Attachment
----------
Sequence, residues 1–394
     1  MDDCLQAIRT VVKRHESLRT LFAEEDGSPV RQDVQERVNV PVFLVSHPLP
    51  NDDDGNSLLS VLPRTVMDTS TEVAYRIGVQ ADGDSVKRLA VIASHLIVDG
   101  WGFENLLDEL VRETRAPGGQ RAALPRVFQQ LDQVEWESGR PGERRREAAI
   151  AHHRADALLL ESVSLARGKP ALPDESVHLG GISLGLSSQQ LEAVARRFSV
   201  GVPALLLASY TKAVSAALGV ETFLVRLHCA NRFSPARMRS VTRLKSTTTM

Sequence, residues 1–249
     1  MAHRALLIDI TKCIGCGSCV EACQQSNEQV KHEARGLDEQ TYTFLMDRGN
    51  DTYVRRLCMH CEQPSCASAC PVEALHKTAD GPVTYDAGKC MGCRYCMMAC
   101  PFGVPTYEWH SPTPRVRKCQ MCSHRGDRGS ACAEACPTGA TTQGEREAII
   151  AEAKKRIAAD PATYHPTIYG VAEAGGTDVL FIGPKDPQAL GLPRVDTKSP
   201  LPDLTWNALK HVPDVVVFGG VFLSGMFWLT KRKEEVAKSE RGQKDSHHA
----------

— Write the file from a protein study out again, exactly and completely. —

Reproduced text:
Sequence, residues 1–394
     1  MDDCLQAIRT VVKRHESLRT LFAEEDGSPV RQDVQERVNV PVFLVSHPLP
    51  NDDDGNSLLS VLPRTVMDTS TEVAYRIGVQ ADGDSVKRLA VIASHLIVDG
   101  WGFENLLDEL VRETRAPGGQ RAALPRVFQQ LDQVEWESGR PGERRREAAI
   151  AHHRADALLL ESVSLARGKP ALPDESVHLG GISLGLSSQQ LEAVARRFSV
   201  GVPALLLASY TKAVSAALGV ETFLVRLHCA NRFSPARMRS VTRLKSTTTM

Sequence, residues 1–249
     1  MAHRALLIDI TKCIGCGSCV EACQQSNEQV KHEARGLDEQ TYTFLMDRGN
    51  DTYVRRLCMH CEQPSCASAC PVEALHKTAD GPVTYDAGKC MGCRYCMMAC
   101  PFGVPTYEWH SPTPRVRKCQ MCSHRGDRGS ACAEACPTGA TTQGEREAII
   151  AEAKKRIAAD PATYHPTIYG VAEAGGTDVL FIGPKDPQAL GLPRVDTKSP
   201  LPDLTWNALK HVPDVVVFGG VFLSGMFWLT KRKEEVAKSE RGQKDSHHA